2. Memorandum From the Executive Secretary of the Department of State (Read) to the President’s Assistant for National Security Affairs (Kissinger)1 2


  • Your Meeting with Iranian Ambassador Ansary, Friday, January 31, 1969, at 3:00 p.m.: BRIEFING MEMORANDUM

Ambassador Ansary is calling on you prior to his departing on February 4 to consult with the Shah who is now vacationing in Switzerland. Enclosed are a biography of the Ambassador and a summary statement of our relations with Iran.

Ambassador Ansary’s primary purpose in calling on you is undoubtedly to get an indication of the new Administration’s attitude toward Iran which he can report to the Shah. Before he departs for Switzerland, he is also calling on Secretary Rogers and Under Secretary Richardson and on Secretary of Interior Hickel.

In the event that the Ambassador raises with you specific bilateral matters, we suggest that you respond by saying that you will look into them. He may raise the matter of our military credit program for Iran; following receipt of necessary economic data from the Government of Iran, we expect to be in a position to make policy recommendations in March. He may also raise Iran’s desire to export additional oil to the United States, a subject he will undoubtedly raise with Secretary Hickel and which involves our import quota policy.

We suggest that you tell the Ambassador that you know of the President’s admiration for the progress Iran has made under the Shah’s leadership and of the President’s desire to strengthen our close ties with Iran. You might refer with pleasure to [Page 2] your brief meeting with Prime Minister Hoveyda in December. If the Ambassador raises the Shah’s desire, expressed in his letter of January 22 to the President, to meet soon with the President, you might say we are giving the matter serious attention and that the President hopes to reply soon.

Benjamin H. Read
Executive Secretary
[Page 3]

Enclosure 2


I. U.S. Interests in Iran

The principal United States interest in Iran derives from Iran’s strategic location on the Soviet border and athwart the air and communications routes from Europe to South Asia and the Far East. We have an interest in keeping this strategic territory out of Soviet hands and in using it for our own strategic purposes. We also have an interest in maintaining close ties with an increasingly powerful Iran so as to influence Iranian policies in the direction of promoting stability in the Middle East. We also have specific commercial interests, primarily in petroleumm, but also increasingly in other fields as well as Iran’s economy grows.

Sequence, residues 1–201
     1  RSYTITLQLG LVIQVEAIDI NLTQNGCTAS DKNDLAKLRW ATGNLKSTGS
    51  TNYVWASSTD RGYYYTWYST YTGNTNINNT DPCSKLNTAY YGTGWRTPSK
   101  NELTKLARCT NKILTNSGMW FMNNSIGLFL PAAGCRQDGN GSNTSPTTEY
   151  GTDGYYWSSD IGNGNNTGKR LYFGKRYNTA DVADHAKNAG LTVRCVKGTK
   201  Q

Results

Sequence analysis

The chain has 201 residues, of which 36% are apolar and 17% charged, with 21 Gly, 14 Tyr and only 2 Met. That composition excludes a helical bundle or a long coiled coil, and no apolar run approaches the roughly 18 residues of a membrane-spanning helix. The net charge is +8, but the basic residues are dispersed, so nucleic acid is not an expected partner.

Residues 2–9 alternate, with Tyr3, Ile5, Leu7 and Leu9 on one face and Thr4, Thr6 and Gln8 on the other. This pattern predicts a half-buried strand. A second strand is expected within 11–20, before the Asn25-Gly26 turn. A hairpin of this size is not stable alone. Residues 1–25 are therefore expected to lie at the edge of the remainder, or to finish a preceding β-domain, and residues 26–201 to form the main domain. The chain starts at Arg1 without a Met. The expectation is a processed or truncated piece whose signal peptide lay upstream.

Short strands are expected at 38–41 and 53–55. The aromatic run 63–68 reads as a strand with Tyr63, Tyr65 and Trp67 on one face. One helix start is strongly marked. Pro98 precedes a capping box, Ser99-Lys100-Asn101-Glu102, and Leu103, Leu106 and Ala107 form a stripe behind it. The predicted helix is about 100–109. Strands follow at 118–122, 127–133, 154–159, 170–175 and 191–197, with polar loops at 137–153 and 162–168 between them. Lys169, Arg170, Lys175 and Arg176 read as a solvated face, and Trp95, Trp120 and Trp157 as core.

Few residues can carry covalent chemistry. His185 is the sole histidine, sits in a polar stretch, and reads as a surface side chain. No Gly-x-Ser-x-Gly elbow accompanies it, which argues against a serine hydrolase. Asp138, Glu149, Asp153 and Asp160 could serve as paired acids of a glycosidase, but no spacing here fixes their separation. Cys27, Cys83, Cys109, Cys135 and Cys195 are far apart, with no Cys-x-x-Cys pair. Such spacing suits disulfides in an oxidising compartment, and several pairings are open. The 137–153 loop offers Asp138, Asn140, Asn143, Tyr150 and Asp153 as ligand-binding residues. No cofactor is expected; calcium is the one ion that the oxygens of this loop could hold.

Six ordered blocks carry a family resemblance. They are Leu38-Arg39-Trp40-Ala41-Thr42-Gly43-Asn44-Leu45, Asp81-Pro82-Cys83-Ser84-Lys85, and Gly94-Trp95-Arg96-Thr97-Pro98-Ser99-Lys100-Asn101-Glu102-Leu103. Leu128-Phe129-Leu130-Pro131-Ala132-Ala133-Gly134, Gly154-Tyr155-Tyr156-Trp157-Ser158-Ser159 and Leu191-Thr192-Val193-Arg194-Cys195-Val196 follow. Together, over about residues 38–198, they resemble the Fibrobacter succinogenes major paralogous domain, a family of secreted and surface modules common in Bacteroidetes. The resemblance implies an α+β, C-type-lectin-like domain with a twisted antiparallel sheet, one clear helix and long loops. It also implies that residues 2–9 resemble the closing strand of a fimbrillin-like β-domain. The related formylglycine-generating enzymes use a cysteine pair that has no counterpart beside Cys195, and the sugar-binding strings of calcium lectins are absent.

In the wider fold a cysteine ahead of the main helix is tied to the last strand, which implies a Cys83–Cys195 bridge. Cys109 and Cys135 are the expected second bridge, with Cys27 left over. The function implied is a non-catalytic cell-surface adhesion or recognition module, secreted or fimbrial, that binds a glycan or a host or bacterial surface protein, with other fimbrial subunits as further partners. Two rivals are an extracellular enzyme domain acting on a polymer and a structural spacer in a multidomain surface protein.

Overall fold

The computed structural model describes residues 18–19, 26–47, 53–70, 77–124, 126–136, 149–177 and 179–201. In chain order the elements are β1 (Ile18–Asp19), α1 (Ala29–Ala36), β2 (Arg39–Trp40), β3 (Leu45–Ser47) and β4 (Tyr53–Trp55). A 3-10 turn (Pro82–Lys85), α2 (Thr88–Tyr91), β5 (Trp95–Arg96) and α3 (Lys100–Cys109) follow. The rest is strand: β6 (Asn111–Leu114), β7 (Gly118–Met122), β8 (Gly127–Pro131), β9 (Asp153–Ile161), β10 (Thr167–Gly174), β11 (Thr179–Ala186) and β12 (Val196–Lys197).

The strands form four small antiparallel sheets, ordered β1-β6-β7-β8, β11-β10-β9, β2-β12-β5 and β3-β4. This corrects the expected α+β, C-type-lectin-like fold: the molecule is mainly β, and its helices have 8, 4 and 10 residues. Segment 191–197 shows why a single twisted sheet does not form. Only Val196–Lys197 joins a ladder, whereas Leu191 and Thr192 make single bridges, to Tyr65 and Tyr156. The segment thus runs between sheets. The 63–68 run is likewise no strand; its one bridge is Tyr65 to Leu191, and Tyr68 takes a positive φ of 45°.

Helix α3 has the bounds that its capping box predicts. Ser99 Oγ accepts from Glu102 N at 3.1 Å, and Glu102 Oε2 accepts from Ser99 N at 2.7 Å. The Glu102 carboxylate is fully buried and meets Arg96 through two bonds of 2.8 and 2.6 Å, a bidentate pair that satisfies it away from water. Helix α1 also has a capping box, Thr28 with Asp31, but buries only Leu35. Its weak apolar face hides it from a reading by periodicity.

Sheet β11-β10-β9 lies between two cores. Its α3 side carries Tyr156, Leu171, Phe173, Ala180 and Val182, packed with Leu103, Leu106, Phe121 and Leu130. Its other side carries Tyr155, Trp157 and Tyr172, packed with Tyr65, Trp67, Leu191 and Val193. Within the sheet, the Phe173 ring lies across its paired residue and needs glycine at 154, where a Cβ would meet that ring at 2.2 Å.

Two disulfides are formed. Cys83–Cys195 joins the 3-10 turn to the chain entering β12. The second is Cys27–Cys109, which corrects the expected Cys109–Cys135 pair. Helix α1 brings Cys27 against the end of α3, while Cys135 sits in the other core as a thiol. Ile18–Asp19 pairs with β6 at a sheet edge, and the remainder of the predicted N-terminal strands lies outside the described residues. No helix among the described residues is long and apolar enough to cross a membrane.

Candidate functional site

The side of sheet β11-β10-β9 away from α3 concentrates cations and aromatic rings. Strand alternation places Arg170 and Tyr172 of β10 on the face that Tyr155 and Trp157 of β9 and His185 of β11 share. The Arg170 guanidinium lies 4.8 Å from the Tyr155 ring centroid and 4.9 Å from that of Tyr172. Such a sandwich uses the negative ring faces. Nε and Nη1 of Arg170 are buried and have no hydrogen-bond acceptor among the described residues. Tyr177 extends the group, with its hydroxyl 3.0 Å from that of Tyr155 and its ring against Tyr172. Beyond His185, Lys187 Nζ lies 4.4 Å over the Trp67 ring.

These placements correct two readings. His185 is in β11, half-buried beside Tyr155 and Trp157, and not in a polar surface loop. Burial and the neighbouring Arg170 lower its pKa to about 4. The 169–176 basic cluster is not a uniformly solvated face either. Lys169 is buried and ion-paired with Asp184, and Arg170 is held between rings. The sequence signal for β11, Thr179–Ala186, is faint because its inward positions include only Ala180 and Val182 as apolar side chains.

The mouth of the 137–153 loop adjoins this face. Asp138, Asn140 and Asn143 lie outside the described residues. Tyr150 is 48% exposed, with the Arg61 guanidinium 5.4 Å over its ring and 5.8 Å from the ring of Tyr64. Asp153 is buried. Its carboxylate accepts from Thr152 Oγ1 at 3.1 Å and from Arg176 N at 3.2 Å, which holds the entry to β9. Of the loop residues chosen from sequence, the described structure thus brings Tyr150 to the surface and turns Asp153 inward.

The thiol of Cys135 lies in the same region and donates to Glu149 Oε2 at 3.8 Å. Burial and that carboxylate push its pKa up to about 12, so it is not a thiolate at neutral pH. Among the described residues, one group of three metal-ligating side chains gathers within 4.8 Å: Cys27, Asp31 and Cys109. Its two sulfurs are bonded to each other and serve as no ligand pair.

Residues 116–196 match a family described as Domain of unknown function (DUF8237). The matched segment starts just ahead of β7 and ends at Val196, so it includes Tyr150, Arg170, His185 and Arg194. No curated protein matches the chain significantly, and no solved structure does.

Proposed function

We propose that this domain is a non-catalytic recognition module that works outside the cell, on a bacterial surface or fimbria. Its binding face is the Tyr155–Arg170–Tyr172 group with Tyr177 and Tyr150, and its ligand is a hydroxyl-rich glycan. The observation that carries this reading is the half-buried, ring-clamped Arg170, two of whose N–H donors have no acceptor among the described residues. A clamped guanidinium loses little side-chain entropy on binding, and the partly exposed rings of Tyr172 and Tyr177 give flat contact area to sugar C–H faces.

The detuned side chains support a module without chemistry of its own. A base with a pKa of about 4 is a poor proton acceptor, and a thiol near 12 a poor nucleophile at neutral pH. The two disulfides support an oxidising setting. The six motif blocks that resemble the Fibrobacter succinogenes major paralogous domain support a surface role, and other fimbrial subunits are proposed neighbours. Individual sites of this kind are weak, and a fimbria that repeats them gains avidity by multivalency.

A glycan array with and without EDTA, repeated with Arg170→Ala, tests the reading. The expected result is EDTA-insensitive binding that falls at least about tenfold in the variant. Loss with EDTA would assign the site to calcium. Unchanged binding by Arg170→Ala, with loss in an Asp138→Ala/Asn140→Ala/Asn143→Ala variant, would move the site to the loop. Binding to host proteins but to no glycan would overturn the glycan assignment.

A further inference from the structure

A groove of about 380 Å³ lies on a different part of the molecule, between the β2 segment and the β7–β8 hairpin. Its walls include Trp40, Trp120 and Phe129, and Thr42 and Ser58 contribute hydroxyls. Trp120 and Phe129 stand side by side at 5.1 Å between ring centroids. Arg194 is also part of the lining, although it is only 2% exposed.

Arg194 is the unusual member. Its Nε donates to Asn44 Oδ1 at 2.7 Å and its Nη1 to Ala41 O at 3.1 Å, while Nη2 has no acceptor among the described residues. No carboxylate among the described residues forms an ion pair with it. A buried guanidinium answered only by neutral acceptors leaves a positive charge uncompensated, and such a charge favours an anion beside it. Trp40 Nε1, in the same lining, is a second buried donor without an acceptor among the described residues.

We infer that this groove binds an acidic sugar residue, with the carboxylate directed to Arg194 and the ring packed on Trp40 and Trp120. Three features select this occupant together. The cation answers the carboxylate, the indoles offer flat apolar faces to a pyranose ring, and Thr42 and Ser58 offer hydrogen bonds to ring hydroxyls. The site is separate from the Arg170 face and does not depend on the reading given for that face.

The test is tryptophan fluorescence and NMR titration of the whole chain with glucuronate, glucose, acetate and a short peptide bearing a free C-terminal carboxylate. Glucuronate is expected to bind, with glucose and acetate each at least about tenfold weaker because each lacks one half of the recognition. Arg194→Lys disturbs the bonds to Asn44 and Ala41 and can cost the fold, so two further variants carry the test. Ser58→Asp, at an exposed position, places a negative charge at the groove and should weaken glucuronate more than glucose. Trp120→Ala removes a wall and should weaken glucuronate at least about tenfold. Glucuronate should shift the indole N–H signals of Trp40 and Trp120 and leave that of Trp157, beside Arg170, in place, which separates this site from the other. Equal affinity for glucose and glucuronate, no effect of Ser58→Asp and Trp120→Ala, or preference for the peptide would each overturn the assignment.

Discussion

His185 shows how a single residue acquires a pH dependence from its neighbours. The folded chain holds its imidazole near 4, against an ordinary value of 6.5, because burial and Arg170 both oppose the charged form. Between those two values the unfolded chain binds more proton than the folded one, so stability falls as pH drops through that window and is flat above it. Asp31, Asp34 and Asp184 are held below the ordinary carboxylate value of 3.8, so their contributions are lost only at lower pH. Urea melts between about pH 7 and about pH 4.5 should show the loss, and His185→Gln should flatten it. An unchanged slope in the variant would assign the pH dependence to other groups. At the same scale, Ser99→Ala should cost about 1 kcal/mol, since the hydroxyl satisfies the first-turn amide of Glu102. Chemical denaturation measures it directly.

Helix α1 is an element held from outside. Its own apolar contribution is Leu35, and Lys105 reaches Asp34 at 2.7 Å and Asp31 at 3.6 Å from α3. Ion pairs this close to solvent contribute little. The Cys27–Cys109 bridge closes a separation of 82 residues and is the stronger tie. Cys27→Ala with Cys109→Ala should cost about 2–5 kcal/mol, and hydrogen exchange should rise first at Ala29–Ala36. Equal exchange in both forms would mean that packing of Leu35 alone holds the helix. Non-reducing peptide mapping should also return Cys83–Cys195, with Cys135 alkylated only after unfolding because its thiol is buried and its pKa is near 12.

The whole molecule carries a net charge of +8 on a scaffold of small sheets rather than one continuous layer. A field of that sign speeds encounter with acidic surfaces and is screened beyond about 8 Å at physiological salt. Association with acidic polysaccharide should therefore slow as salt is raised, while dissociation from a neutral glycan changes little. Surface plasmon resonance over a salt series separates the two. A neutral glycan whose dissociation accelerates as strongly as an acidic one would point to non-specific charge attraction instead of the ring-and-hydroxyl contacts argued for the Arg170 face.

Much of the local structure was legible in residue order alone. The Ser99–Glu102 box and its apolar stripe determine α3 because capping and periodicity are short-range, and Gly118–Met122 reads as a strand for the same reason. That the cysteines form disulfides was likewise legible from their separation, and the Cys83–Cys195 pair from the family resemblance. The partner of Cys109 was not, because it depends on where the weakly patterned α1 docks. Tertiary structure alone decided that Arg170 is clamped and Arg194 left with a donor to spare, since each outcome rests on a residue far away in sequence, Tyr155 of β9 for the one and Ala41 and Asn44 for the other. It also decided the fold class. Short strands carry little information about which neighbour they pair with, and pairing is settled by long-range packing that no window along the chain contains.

II. Current State of U.S.-Iranian Relations

Our relations with Iran have been for many years and remain today close and intimate. We have maintained this relationship through a transitional period in recent years during which we have ended grant economic assistance to Iran and shifted our military aid from grant to credit sales and during which Iran had adopted a more independent foreign policy of its own, demonstrated especially by improved relations and economic and military deals with the Soviet Union. Iran’s basic orientation remains with the West, and Iran continues to rely on [Page 4] the United States for its fundamental security. (Our bilateral agreement with Iran of 1959 states that we will take appropriate action, including the use of armed forces, in accordance with our Constitution, and as may be mutually agreed upon, to assist Iran against aggression.)

III. Iran’s Foreign and Domestic Situation

Iran has in recent years played an increasingly active role in regional affairs. The Shah has become concerned about possible radical Arab penetration, perhaps with Soviet collusion into the Persian Gulf following the withdrawal of British forces in 1971. He has therefore moved to protect Iran’s Gulf life-line and rich southern oil resources through a carrot-and-stick policy toward Saudi Arabia and the Gulf Sheikhdoms. Iran’s relations with Turkey and Pakistan are good, and relations with Afghanistan have been improving. While, as a Moslem country, Iran’s public stance on Arab-Israeli matters is generally pro-Arab, Iran’s distaste for radical Arabism as sponsored by Nasser has led to the development of close, although informal, relations with, Israel.